Of the ectoplasm, Geley wrote: ”The substance exudes specially from the natural orifices and the extremities, from the top of the head, from the nipples, and the ends of the fingers…the most easily observed from the mouth…The substance has variable aspects; sometimes, and most characteristically, it appears as a plastic paste, a true protoplasmic mass; sometimes as a number of fine threads; sometimes as strings of different thickness in narrow and rigid lines; sometimes as a wide band; sometimes as a fine tissue of ill-defined and irregular shape…In fine, the substance is essentially amorphous, or rather, polymorphous.”
Of the quantity, Geley said this is also very variable, sometimes very little and at other times covering the medium completely, like a cloak. It most frequently appeared white, but occasionally black or gray.
“Sometimes it is slowly evolved, rises and falls, and moves over the medium’s shoulders, her breast, or her lap with a crawling, reptilian movement; sometimes its motion is abrupt and rapid, it appears and disappears like a flash. It is extremely sensitive, and its sensitiveness is closely connected with that of the hyperaesthetised medium, and touch reacts painfully on the latter…The substance is sensitive to light rays; a light, especially if sudden and unexpected, produces a painful start in the medium. However, in some case the substance can stand even full light. The magnesium flashlight (flash camera) causes a violent start in the medium…It shrinks from all contact and is always ready to avoid them and to be reabsorbed.
Several other scientists collaborated with Geley in his study of Eva C. ”We saw, touched, and photographed representations of heads and faces formed from the original substance,” Geley wrote. ”These were formed under our eyes, the curtains being half-drawn. Sometimes they proceeded from a cord of solid substance issuing from the medium, sometimes they were progressively developed in a fog of vaporous substance condensed in front of her, or at her side.”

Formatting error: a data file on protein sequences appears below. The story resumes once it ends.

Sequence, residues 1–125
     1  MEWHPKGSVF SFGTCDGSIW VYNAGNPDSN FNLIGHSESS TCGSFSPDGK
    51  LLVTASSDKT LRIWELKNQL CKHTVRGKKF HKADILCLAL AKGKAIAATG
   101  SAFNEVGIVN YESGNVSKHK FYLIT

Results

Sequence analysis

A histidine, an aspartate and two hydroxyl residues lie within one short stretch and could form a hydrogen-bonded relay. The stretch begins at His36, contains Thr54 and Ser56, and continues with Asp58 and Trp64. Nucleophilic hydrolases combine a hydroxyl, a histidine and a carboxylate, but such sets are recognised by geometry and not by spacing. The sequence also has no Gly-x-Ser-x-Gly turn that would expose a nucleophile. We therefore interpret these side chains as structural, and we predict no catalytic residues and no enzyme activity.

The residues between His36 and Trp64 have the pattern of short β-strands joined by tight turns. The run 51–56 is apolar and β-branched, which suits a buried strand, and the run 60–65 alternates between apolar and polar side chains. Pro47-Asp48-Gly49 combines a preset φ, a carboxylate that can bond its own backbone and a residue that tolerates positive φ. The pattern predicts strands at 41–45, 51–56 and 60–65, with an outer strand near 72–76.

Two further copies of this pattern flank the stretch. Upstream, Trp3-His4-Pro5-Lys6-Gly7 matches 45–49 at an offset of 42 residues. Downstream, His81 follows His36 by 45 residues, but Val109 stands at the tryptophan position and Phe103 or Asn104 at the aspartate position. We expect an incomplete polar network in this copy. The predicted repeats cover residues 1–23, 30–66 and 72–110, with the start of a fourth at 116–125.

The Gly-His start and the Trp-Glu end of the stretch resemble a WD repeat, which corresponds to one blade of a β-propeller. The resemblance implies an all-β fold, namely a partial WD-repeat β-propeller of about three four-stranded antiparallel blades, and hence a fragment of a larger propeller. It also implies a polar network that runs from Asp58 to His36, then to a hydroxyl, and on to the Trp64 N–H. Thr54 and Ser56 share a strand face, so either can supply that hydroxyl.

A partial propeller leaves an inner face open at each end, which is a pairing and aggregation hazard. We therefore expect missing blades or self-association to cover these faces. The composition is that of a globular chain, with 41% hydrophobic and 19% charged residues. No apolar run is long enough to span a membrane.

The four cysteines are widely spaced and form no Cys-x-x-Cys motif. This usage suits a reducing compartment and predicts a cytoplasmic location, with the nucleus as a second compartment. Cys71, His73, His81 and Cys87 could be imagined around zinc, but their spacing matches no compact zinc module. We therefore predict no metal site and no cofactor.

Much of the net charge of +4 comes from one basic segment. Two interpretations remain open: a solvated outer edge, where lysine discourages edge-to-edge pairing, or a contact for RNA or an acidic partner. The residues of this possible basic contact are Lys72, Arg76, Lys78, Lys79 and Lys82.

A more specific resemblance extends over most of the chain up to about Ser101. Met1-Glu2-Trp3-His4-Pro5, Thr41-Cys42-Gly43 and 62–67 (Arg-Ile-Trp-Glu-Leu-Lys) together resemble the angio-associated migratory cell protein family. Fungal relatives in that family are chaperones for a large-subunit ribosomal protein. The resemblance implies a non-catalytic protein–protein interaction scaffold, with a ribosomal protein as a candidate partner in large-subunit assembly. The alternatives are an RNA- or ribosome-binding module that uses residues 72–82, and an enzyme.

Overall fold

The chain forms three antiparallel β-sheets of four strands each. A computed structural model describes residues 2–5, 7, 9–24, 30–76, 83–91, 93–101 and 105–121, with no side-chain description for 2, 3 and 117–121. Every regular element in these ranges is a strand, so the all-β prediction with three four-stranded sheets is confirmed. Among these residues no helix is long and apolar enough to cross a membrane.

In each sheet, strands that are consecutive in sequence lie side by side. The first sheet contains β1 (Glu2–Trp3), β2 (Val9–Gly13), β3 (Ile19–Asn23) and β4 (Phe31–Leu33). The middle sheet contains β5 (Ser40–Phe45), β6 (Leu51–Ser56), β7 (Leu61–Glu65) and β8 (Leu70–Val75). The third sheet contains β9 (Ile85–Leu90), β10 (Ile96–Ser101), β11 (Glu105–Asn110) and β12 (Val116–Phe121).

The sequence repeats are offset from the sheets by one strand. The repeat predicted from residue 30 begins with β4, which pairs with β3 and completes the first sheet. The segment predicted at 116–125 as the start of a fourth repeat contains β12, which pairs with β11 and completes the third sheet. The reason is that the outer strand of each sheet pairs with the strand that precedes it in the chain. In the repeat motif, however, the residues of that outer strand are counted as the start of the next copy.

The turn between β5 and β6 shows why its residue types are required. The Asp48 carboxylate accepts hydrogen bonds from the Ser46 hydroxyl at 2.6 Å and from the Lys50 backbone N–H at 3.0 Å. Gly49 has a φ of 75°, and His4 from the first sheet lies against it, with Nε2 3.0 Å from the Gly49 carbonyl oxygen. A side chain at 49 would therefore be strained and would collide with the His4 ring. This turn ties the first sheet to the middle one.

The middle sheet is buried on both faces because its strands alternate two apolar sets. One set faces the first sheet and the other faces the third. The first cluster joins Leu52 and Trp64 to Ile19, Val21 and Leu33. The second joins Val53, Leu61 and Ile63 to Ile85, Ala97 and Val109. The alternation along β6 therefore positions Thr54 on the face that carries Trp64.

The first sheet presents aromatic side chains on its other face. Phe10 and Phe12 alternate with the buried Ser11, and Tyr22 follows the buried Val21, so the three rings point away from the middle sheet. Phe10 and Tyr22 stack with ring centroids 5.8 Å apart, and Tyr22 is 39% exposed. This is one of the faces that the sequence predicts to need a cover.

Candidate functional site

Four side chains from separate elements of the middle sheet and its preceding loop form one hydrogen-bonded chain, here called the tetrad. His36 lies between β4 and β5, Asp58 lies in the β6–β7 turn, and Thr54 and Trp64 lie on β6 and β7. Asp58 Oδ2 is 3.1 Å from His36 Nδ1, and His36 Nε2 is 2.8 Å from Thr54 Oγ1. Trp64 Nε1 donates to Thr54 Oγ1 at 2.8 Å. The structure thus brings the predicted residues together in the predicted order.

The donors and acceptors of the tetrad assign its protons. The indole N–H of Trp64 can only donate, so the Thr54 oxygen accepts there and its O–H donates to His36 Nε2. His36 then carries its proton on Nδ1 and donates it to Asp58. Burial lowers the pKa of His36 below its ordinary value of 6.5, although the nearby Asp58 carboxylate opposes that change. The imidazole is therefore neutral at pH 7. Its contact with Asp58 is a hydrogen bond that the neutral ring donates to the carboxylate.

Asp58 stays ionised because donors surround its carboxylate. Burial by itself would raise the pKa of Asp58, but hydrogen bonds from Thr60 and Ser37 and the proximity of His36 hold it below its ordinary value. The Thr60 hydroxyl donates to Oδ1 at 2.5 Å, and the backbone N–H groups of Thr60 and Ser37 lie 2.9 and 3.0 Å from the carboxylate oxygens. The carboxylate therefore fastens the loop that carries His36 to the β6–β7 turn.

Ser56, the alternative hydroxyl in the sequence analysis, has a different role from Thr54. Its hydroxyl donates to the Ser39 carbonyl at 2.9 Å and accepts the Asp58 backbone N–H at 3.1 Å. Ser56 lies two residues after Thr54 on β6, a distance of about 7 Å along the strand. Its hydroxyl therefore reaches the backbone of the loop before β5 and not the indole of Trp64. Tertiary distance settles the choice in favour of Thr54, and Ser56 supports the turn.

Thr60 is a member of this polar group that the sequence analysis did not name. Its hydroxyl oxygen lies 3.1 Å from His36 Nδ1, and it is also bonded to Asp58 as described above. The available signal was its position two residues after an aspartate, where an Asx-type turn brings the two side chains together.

Schrenck Notzing also reported that when he tried to capture some ectoplasm it evaporated and seemed to be reabsorbed by the medium. However, there was some residue left behind, which Schrenck Notzing had chemically analyzed. “As regards the structure of the teleplasm (ectoplasm), we only know this,” Schrenck Notzing wrote. ”That within it, or about it, we find conglomerates of bodies resembling epithelium, real plat epithelium with nuclei, veil-like filmy structures, coherent lamellar bodies without structure, as a well as fat globules and mucus.” Whether or not this residue represented the true nature of the ectoplasm or was just that part associated with Eva’s own body Schrenck Notzing had no way of knowing. One thing for sure, he commented, the substance did not consist of India rubber, which many skeptics had suggested it was.